Tim Snell: How to build a team that stays with you

Everyone is leaving you. It’s just a matter of time.

This is the hardest lesson we need to overcome when it comes to growing and developing our teams, so let’s get it out of the way early. 

In a long list of reasons why leaders and salespeople hold off from recruiting, it’s fear that tops the list.

What if I train people and they leave? But what if you don’t and they stay?

Mediocrity has consequences.

I’ve found sometimes the best way to attack an issue is to inverse the problem.

If the concern is ‘what if they leave?’, what happens when we alternatively ask, ‘why should they stay?’

Real estate is an organically ambitious industry. The people that enter it typically have an unquenchable desire to grow, improve and progress their careers.

Frustrations naturally arise then when an aspirational young talent feels like they either: 

a) can’t see the pathway, or 

b) can see the pathway, but they don’t like it. 

So, it then becomes the responsibility of the leader to build a pathway where it is clear their future is greater with us than without us.

The sign of great leadership therefore is when someone can naturally become a better and higher version of themselves as a result of working under them.

The people a leader can attract (ie. recruitment), therefore becomes a reflection of leadership. And more importantly, your ability to recruit as a leader is a reflection of confidence.

Confidence you can recruit. Confidence you can build people. Confidence you know what to do. Confidence you can get a return on your investment.

If there was a guarantee that you could invest $60,000 in the stock market and it would return you $300,000 in 12 months, you’d likely put a second mortgage on the house to put as much money into the market as possible. 

But when the government puts out an initiative that pays for the majority of a new team member, why don’t you putting on two (or three) associates to take advantage? Fear.

Everyone wants to recruit, but is your business ready to recruit?

Do you have the infrastructure to recruit? If you brought in a new recruit today, what would they do?

How would you know that they are being effective? How would you get a return on your investment?

More importantly, once you have got them and trained them, why would they stay? 

Teams require a balance of three key elements to be successful: 

  1. empowerment
  2. recognition
  3. remuneration (in that order).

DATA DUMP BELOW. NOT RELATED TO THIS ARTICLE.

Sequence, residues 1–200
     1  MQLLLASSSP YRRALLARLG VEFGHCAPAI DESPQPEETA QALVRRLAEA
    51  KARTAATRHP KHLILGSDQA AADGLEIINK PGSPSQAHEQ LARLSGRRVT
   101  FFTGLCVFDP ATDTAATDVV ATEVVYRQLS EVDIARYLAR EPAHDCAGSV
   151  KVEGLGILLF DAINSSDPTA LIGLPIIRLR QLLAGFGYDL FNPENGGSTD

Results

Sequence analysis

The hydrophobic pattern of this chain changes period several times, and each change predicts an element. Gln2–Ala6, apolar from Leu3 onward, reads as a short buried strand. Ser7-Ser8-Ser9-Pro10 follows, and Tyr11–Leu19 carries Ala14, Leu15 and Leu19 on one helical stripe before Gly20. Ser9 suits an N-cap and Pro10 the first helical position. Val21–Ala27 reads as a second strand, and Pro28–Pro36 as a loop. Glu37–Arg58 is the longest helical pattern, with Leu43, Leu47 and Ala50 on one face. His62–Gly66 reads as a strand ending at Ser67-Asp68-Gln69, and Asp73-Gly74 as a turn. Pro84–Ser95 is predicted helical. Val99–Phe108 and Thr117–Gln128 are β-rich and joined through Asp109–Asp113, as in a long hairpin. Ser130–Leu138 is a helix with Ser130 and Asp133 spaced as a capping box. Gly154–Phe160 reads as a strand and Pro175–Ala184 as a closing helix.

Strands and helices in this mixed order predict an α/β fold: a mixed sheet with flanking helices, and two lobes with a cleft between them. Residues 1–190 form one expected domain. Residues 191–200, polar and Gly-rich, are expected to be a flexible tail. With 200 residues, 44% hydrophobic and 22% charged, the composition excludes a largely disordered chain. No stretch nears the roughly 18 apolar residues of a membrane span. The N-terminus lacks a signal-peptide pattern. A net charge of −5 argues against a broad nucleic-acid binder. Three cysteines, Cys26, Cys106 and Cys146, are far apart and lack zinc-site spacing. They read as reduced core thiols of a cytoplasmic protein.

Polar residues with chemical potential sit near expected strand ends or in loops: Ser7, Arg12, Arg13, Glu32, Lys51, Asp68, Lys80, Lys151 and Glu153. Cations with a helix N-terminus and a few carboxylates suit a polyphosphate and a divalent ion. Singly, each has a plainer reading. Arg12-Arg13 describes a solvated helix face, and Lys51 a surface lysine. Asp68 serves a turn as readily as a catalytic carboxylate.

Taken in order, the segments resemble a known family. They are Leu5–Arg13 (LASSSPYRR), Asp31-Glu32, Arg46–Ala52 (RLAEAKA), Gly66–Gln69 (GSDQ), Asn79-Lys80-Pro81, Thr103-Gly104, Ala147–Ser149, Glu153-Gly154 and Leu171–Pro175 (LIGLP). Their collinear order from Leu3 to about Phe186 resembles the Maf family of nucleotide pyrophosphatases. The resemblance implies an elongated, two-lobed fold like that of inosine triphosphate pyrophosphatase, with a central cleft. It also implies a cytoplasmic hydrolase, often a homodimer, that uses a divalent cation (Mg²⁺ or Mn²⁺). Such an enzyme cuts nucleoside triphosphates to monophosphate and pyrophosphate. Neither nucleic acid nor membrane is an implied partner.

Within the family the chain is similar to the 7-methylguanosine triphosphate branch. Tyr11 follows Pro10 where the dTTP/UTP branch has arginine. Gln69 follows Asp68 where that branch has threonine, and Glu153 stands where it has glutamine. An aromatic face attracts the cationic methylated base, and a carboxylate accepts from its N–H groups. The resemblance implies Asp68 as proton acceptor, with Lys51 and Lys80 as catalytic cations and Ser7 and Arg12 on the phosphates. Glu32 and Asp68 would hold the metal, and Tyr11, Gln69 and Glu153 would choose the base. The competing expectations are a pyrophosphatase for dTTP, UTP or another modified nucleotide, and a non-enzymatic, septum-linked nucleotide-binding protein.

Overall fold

Step one requires training. But it also requires failure.

To empower our team is to give them the ability to fail. The faster they fail, the faster they will learn.

Creating an environment where they have the freedom to make mistakes, but also the resource to review, refine and learn gives them the freedom to succeed.

To provide clarity around what success looks like within the lanes of their progression gives every leader the ability to give positive feedback and focus without quelling their enthusiasm.  

As a leader, to grow, you have to let go.


Brian White famously says, “A good leader should never miss an opportunity to recognise and celebrate their people”.

Leadership should be about inspiration, not power.

To recognise our people starts with building clarity about what we want from the role and finding positive feedback loops to recognise (and remind) what is important in their role.

Do you know what you want from the role? Does your team know what you want from the role?


Remuneration matters.

Amongst all business leaders in our network, discussing appropriate ways to remunerate developing roles is one of the most openly discussed topics.

When building a team, do you remunerate simply based on the individual, or the function they play within a team?

It’s not uncommon for a lead agent to get blinded by the transaction, such as paying big bonuses for an associate to find them a ‘now lead’.

The issue is, if we inordinately pay our team to chase ‘now business’ then we discourage them from playing the actual functions they were employed to complete.

Great team structures are broken into three parts:

  1. base wage
  2. task bonus (¢)
  3. team bonus ($$).

Task based bonuses should be small, recognising targets hit within the function an individual was employed.

The larger incentives should be team based, recognised for the function of the whole team working together to achieve a greater vision.

Building teams is no longer optional in real estate.

The day of the sole operator is quickly becoming irrelevant in most modern marketplaces.

Therefore the skill set of growing and developing people becomes the natural next step of reaching your potential in this industry.

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Tim Snell

Tim Snell is the Head of Performance for the Ray White Group.